The government has done well to compulsorily retire 12 income-tax officials facing serious charges of corruption. By invoking a rule that has sparingly been used, the government has sent out a stern warning on zero tolerance of graft. Wrongdoing must be punished, and sacking errant officials, besides naming and shaming them, would deter others. However, the process must not be arbitrary. And investigation, if any, launched against these officials must be completed swiftly.
The charges vary from corruption, extortion and disproportionate assets to malafide assessment orders and sexual harassment. The root cause of corruption is misuse of powers bestowed on the tax administration. A case in point is searches and seizures. These are archaic and blunt instruments of law enforcement, leading to misuse of power and taxpayer harassment. This goes against the tenet of a non-adversarial tax regime, creating uncertainty for individuals and businesses. Of course, enforcement will entail some discretion, but safeguards must be in place to ensure that it is not used arbitrarily. This, in turn, calls for intensive training of tax officers.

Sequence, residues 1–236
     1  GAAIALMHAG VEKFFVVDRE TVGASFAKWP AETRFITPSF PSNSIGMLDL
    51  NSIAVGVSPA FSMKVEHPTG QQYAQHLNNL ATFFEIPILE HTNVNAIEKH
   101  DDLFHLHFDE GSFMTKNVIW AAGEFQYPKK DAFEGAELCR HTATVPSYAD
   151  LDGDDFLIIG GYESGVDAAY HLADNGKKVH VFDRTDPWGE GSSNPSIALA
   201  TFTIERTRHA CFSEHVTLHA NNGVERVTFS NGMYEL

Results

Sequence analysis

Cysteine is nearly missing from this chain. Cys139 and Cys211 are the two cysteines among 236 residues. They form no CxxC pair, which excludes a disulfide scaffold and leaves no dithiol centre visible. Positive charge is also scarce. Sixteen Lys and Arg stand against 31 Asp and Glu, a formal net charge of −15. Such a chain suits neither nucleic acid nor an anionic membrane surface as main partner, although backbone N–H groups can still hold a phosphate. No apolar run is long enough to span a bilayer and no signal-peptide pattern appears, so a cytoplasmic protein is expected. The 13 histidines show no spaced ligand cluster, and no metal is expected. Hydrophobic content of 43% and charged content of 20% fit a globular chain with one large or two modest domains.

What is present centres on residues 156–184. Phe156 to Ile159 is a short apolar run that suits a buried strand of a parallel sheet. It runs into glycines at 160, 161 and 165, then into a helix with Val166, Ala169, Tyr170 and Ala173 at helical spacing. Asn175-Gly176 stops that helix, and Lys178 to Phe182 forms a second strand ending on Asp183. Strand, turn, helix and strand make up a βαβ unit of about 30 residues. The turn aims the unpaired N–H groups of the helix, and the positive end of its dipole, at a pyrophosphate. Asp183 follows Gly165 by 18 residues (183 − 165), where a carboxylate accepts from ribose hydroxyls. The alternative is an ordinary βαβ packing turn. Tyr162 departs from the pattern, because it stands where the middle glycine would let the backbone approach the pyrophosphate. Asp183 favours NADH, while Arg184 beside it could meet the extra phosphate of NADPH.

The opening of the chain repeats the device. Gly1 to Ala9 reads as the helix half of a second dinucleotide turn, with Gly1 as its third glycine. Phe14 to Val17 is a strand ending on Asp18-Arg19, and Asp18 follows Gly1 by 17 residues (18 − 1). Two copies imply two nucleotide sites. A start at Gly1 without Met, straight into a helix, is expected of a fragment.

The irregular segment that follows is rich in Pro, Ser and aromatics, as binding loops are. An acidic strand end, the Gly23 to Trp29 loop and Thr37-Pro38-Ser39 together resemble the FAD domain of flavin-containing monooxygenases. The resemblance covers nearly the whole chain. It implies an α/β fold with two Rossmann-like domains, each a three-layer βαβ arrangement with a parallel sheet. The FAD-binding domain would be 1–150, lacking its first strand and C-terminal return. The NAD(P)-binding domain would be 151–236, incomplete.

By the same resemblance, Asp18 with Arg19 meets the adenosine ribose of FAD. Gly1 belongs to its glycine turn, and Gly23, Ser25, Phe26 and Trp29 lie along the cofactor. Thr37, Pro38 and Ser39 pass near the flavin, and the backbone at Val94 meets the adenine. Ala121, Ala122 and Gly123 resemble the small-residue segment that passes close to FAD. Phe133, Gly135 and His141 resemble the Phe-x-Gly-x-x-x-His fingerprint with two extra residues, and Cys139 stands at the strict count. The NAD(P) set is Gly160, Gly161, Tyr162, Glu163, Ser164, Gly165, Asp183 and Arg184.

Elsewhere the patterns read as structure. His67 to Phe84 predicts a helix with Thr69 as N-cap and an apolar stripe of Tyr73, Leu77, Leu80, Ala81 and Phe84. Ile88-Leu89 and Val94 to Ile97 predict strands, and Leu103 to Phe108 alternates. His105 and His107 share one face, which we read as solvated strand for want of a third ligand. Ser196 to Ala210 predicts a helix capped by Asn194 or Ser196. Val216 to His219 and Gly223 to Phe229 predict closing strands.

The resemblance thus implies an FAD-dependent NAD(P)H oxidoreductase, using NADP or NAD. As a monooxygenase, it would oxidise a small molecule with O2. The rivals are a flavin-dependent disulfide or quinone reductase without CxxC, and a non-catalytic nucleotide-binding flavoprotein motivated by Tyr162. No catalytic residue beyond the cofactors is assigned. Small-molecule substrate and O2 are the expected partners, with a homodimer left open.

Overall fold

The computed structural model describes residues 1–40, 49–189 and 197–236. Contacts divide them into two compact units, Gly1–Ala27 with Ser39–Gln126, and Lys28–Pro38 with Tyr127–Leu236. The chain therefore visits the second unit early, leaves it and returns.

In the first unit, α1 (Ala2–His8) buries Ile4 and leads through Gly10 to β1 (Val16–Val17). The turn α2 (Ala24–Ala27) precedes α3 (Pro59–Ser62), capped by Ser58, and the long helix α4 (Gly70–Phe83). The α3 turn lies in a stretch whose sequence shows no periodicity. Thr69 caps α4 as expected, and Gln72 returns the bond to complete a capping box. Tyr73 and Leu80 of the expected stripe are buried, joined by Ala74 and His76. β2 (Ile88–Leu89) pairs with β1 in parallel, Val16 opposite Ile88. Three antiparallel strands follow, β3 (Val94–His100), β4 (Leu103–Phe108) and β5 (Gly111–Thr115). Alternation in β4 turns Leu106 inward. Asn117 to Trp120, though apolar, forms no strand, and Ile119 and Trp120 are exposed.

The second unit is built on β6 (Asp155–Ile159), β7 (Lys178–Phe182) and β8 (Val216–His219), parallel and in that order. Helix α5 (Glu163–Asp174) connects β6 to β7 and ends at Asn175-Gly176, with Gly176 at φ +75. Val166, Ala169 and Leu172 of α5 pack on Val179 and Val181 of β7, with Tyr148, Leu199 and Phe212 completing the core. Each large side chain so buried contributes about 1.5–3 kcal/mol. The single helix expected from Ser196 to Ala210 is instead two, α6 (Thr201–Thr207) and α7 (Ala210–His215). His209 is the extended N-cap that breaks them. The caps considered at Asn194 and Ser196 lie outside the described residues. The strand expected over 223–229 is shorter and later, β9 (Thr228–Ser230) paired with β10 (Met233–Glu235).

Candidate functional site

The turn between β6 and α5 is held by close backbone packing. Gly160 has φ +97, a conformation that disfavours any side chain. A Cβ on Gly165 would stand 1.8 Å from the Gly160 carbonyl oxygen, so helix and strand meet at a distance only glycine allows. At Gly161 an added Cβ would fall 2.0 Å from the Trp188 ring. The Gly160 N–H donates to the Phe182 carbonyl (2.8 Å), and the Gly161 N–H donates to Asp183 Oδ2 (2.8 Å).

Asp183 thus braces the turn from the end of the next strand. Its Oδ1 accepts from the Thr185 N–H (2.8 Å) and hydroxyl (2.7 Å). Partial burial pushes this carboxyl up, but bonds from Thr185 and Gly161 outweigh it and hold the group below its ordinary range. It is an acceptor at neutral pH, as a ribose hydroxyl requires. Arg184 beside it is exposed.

We need intelligent data mining, using big-data analytics, to create tax demands proof of evasion and avoidance. Already, India has the GST Network and the IT backbone for taxpayers to pay tax and claim refunds without having to interface with a tax official. More reforms to minimise interaction between the tax department and the taxpayer make eminent sense. The government should also limit the number of senior posts joint secretary and higher just as it is done in the army. Corruption in India is endemic and systemic, and transparent political funding is part and parcel of eliminating corruption.
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